Mieko Nagaoka, a 100-year-old Japanese swimmer, celebrates in a masters swimming competition in Matsuyama, Ehime prefecture, western Japan, on April 4, 2015. Photo credit: AFP / JAPAN MASTERS SWIMMING ASSOCIATION
A 100-year-old Japanese woman has become the world's first centenarian to complete a 1,500-meter freestyle swim, 20 years after she took up the sport.
Mieko Nagaoka took just under an hour and 16 minutes to finish the race as the sole competitor in the 100-104-year-old category at a short course pool in Ehime, western Japan, on Saturday.
"I want to swim until I turn 105 if I can live that long," the sprightly Nagaoka told Kyodo News.
Her achievement is expected to be recognized by Guinness World Records, the agency reported.
Admirable though it is, Nagaoka's time is a little off the global pace; 18-year-old American Katie Ledecky holds the women's world record for the 1,500-metre freestyle, having clocked just 15 minutes 28.36 seconds.
Nagaoka, who published a book last year entitled 'I'm 100 years old and the world's best active swimmer', is no stranger to the 1,500-metre race, having completed the distance at the age of 99 in an Olympic-sized pool.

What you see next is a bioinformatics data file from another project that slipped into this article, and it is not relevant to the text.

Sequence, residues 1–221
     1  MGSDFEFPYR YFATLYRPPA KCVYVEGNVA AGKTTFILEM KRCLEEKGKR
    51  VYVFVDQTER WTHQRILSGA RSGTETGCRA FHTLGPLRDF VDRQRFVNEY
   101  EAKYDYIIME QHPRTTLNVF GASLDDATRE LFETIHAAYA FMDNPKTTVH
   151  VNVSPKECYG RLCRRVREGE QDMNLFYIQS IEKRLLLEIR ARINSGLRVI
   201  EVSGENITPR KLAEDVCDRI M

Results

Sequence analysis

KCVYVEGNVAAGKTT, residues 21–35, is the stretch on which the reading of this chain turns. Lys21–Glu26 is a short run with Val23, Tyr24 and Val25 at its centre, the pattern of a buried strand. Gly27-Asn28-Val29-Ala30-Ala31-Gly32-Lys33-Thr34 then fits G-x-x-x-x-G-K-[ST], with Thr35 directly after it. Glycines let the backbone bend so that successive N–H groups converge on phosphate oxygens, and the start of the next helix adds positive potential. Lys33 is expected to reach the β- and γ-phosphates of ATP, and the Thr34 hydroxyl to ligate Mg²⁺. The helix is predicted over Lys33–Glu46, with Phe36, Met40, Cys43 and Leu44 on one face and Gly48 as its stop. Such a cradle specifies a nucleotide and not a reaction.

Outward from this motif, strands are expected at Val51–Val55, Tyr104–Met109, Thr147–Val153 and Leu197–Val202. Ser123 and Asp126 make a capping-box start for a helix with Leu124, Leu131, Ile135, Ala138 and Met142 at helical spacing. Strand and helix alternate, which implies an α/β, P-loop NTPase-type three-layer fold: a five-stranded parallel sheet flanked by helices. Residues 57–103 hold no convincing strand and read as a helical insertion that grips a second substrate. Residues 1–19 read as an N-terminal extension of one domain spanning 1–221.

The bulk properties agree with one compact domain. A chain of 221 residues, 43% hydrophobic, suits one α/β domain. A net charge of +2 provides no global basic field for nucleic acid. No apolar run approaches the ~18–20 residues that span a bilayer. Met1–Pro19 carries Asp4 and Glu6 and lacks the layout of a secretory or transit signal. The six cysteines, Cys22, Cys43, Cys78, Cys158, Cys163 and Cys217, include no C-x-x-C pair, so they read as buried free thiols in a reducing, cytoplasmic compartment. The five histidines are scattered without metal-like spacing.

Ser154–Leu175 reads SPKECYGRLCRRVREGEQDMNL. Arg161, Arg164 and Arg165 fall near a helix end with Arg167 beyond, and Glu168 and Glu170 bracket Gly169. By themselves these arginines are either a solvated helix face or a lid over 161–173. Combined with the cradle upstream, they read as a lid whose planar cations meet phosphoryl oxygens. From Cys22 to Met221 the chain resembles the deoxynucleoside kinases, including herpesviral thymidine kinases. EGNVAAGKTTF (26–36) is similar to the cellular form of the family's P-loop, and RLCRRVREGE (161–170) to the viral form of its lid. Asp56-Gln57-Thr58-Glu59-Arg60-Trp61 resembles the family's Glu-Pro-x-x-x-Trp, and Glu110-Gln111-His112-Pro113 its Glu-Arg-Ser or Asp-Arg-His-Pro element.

Nagaoka only took up swimming when she hit 80, one of the growing number of elderly Japanese who are enjoying longer and healthier lives as the country ages.
There were nearly 59,000 centenarians in Japan in September last year, government figures show -- which means 46 out of every 100,000 people is 100 or over.
Among them are several who remain physically active long after many people have given up the ghost.
They include sprinter Hidekichi Miyazaki, who was 103 when he bagged the world record for the 100-metre dash in the 100-104 age category, clocking up a respectable 29.83 seconds.
His late-blooming athletic prowess has seen him dubbed "Golden Bolt" -- a reference to Jamaican sprinter Usain Bolt.